From the other side, imagine evil artifacts that would cause moral quandaries for a wielder who is neutral or good. Perhaps a weapon that always deals bonus poison damage, but therefore cannot be used to deal non-lethal damage, or a bow that always seeks out a target’s vitals, meaning if the archer critically fails, she’s likely to shoot an ally in the heart.

Feel free to comment with your ideas for “cursed” items in D&D. 

RPG Mechanic Round-Up #5: All D&D

Dungeons and Dragons – C’era una volta.. Il Bardo, il ...

This post will include some repeats from the previous RPG Mechanic Round-Ups, but then again, very few people read those, so I imagine it’ll all be like new! Anyway, these are all of the little notes for house rules and hacks that I have for D&D:

Simplified Hirelings

Instead of having hirelings that the PCs then try to manipulate into walking ahead to set off traps or walk into ambushes, PCs simply hire them to eliminate a single kind of challenge. For example, PCs could hire a locksmith to bypass all locks during their adventure, or a guide to ensure that they find good camp sites each night, or are able to forage food as they travel. They could even hire a trap-springer to walk into traps for them if that’s what they want. In exchange for this help from the hireling, the PCs take a percentage reduction from their XP for that adventure, or maybe just miss out on the XP they would get from disarming those traps themselves.

Druid Circle of Rust

New D&D Druid circle: Circle of Rust. Rusting grasp, shatter, etc. Focused on conquering technology and civilization. (This is something I want to put the work into later)

Mystery Monsters

When you first encounter a monster in combat, especially in an ambush, you only get two or three descriptors for the monster. Then each round, you get one more descriptor, unless you take a moment to stand back and assess the situation. Otherwise, it’s a whirl of claws and teeth and blood and panic, and you’re just not seeing details. This is only for new monsters – monsters you’ve already encountered you’ll recognize.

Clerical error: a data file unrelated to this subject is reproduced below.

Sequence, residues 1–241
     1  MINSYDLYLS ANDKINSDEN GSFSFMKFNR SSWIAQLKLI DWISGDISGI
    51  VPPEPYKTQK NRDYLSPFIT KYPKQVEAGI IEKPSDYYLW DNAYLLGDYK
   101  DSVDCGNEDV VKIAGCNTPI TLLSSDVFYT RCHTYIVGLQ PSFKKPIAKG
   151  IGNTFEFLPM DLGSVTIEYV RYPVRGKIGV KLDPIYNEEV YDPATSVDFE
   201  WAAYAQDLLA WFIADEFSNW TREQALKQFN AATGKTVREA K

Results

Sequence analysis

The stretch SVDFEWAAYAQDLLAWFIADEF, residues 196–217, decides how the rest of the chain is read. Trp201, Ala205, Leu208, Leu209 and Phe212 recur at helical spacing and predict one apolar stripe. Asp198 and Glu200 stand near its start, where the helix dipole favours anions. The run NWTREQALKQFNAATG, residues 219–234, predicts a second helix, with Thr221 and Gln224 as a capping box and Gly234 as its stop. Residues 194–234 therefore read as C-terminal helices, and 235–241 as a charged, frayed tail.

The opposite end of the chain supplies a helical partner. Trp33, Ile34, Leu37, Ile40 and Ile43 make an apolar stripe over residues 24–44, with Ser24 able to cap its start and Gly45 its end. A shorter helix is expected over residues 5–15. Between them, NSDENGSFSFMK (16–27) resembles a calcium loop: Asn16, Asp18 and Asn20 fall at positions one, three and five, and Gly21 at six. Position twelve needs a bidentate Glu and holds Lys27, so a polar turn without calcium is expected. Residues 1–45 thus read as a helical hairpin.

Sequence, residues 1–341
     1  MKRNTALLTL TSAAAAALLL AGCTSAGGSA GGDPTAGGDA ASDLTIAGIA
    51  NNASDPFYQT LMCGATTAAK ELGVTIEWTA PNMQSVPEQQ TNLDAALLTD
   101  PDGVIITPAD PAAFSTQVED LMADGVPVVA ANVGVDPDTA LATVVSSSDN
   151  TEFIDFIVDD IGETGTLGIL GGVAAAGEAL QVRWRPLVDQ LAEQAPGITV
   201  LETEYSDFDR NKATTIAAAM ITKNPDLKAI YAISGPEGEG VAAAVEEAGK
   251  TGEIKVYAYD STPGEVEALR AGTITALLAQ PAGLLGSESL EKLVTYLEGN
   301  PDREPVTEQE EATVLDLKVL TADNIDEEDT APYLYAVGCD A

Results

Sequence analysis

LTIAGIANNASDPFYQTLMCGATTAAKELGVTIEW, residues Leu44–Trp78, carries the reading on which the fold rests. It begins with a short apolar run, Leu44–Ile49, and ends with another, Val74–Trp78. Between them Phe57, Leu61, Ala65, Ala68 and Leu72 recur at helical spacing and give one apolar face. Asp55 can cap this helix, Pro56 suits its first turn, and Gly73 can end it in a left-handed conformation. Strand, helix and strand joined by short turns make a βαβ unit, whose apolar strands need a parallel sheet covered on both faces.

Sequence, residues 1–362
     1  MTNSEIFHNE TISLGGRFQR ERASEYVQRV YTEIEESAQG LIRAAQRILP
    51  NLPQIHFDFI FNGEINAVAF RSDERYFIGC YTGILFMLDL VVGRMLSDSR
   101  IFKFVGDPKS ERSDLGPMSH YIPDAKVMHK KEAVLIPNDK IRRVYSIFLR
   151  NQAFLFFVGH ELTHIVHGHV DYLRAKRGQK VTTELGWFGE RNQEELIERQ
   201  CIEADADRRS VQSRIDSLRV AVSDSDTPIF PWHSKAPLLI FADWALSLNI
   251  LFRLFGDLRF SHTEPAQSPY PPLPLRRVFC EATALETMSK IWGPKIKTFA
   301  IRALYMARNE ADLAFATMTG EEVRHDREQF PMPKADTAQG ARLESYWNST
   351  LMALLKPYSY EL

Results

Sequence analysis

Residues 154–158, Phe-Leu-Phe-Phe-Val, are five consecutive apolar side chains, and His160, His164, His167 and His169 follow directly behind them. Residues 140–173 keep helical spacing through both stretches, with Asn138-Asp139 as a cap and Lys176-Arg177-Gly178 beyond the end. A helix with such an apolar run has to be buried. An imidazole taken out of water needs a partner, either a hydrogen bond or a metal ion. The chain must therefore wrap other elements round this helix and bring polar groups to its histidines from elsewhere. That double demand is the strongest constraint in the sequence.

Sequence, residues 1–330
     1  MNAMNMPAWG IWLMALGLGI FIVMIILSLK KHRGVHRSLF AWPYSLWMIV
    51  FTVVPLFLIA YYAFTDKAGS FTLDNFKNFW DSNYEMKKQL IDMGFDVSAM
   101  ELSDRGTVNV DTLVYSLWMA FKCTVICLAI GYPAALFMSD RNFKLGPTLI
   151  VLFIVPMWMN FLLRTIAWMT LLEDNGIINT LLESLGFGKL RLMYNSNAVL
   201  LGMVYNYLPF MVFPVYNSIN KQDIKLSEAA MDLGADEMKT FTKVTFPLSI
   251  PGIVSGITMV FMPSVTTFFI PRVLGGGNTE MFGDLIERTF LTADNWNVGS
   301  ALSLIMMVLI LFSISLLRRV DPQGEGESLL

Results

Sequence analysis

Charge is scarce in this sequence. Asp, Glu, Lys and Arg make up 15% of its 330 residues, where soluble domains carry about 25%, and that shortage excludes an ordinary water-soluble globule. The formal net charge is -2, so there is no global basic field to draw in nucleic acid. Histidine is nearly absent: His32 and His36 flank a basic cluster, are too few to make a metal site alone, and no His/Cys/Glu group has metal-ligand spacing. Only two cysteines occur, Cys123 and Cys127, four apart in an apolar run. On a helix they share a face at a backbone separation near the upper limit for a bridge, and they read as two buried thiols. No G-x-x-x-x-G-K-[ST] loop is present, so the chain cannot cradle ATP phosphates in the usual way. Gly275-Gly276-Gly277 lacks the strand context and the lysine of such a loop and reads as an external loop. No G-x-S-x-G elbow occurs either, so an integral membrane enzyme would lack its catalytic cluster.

Get Saved

I had the idea to add save points to D&D. I’m not sure if anyone would even want this. But have the PCs go to a temple and have a priest “save” them – for a large donation of course! Then if they die, they can come back to live at the temple with maybe a little loss of the XP you earned – 10% or so.

Bleeding Wounds

When a creature takes piercing or slashing damage, they begin to bleed 1 hit point each round on their turn. This is halted if they receive any magical healing, or after combat with a DC 10 Medicine check. This rule would also lead to cool scenes like tracking your opponent overland after they flee battle and try to regroup, following the dollops of monster blood on the ground. (Or monsters doing the same to chase the PCs down) Of course, this rule will make low-level adventuring even more brutal, but that’s the point.

Effects by Damage Type

I like adding special effects for the three types of physical damage. With a called shot made at disadvantage, a bludgeoning attack can deal damage and destroy one piece of armor; a piercing attack can deal double damage; and a slashing attack can deal normal damage and sever a limb.

Damage Bonus for Melee and Missile